A student from Woldingham , who is a native of Ballindrait, near Lifford, has appealed for help to complete her studies.
Mary Massey, completed a sociology degree at Queen’s University, Belfast in 2002 and worked for three years for Northern Bank in Belfast and Omagh, before moving to England to complete a PGCE in secondary geography. She has been working as a teacher in England ever since, but in September 2013, she embarked on a part-time Masters degree in Irish Studies at St Mary’s University, Twickenham, London. And she now needs help to complete her research.
“I chose the course because it matches my interests, focusing as it does on literature, drama, history and culture, and it fits in with my work commitments. Now in my second and final year of the course, I am required to complete a dissertation, and this is where I hope your readers can help me,” she said
“I have always been interested in migration, and my studies in sociology and geography have fuelled this further. A number of years ago, I found out that my great-grandmother, who hailed from the Donegal island of Inishbofin, moved to the Irish mainland around the age of 14. She found employment through the hiring fair. She would never return to the island, and this fact has often made me wonder about the experiences of all those who were hired out, living away from home, usually with complete strangers,” said Mary, continuing: “It is the characteristics of these domestic and farm servants, as they were registered in the census, that will be the basis of my dissertation.
“In order to show the element of migration, my focus will be on those domestic and farm servants working in County Londonderry who were originally from County Donegal. This information, as well as the age, religion, literacy of the servants, and the characteristics of the family the servants worked for, can all be found in the census, and in order to make use of the archives, my focus has to be on the Census of Ireland 1901 and 1911 as these are the most comprehensive archives available,” Mary said.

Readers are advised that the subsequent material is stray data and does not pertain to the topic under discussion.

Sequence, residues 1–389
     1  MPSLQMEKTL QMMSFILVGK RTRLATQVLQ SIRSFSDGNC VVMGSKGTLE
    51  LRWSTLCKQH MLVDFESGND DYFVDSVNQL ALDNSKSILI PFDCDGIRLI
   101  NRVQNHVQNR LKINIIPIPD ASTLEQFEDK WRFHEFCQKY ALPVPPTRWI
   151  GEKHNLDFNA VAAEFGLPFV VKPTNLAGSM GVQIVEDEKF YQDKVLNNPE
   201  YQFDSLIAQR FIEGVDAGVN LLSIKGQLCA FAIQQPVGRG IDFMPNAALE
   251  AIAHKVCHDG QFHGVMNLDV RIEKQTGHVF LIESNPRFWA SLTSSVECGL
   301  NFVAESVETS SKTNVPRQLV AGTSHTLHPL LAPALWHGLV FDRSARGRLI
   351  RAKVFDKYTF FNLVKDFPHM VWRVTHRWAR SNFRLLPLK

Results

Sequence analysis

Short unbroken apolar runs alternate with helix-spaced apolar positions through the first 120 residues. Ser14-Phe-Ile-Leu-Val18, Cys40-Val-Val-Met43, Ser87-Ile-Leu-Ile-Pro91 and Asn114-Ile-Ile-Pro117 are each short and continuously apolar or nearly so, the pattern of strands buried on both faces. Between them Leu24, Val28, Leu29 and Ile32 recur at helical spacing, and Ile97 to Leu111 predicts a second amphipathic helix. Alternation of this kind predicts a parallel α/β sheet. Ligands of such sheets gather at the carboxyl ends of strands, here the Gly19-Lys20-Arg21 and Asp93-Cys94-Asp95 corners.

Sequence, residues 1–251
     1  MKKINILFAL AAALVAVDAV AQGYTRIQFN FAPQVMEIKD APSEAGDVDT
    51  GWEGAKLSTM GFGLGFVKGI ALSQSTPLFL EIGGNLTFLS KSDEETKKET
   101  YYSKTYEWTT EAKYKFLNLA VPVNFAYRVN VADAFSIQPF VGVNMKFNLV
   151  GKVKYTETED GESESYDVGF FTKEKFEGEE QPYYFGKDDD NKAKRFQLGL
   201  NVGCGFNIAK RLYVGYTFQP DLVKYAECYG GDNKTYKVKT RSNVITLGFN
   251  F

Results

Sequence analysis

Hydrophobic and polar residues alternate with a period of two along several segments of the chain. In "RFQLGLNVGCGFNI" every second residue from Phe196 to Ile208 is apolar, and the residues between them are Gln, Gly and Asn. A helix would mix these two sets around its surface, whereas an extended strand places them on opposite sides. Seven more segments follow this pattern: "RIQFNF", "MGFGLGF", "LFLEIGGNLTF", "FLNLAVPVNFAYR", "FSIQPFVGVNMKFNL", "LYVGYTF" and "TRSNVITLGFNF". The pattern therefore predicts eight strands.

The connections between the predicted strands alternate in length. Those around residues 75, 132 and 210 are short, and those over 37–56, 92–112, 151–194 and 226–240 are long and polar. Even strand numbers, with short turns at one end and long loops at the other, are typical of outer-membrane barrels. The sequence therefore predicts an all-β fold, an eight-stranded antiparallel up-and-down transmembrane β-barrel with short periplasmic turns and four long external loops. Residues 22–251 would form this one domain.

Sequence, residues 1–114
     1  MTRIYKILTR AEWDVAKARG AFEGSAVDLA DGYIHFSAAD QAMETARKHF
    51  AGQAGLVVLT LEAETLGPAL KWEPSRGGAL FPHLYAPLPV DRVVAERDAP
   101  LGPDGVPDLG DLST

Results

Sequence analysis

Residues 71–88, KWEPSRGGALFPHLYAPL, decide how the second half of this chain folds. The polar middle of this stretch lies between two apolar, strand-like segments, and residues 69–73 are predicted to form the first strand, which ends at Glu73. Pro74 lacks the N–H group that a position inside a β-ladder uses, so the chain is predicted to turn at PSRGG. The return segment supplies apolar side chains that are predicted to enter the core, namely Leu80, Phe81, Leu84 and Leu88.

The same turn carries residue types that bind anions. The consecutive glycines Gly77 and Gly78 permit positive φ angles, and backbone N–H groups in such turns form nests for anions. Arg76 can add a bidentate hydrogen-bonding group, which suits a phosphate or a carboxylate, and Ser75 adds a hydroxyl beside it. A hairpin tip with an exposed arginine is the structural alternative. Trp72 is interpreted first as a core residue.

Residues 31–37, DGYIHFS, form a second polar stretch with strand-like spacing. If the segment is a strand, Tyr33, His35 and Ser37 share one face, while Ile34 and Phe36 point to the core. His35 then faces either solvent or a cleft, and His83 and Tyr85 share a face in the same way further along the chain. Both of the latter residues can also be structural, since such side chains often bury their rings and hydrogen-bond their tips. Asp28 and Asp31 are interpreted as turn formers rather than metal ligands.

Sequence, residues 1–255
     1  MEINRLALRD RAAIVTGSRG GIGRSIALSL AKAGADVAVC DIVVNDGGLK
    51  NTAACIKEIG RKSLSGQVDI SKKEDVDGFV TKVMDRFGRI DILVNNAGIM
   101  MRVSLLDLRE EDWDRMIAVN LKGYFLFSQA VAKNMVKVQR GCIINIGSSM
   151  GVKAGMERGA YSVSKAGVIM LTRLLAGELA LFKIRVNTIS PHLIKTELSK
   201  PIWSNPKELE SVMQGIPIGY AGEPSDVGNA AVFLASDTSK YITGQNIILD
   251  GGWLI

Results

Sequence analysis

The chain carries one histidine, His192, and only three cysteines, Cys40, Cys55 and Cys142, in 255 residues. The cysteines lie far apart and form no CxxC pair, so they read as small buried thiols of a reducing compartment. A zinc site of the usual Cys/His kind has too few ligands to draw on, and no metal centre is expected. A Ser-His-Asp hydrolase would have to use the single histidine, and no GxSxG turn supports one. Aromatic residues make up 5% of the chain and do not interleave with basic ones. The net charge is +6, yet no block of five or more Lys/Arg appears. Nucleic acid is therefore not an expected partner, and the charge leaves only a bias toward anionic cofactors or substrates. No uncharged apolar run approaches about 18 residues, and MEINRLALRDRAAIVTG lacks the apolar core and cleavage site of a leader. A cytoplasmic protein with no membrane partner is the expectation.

“In order for this research to be more manageable, I will have to narrow my focus to two areas Londonderry itself, and the area known as Liberties. This should ensure a mixture of domestic and farm servants, and will give me a sample size of 1,109 servants overall,” she said continuing: “My overall aim is to examine the characteristics of these servants. We may imagine that they are largely teenagers from Catholic backgrounds working for Protestant families, but a glance at the census data shows that this is not always the case, with servants ranging from six to 81 years of age.
“The census data will be wonderful for getting an overview – the bigger picture – but so many families, my own included, have a family member who was hired out. These oral histories are invaluable as real experiences paint a much more interesting picture than census data alone. If any of your readers have a relative born in Co Donegal but who went to work as a domestic, farm or servant of another kind in Co Londonderry, particularly in the city or Liberties areas, and know about their experience, please get in touch with me. If their relative could actually be found in the 1901 or 1911 census, that would be even better, although I realise that may be something of a long shot,” she said.
If anyone can help Mary then log on to her Facebook page, ‘Donegal Servants Working in Derry 1901-1911’, or write to her at:
Shanley 1st Floor Flat,
Woldingham, CR3 7YA
Email her at: firstname.lastname@example.org, or telephone her at 07788969697.